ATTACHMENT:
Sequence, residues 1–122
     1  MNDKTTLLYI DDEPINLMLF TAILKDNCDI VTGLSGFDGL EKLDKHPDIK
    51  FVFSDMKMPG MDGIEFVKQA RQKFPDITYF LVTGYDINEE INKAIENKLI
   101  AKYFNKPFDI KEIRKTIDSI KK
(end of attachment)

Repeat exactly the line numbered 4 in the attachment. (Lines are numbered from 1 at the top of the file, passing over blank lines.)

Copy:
   101  AKYFNKPFDI KEIRKTIDSI KK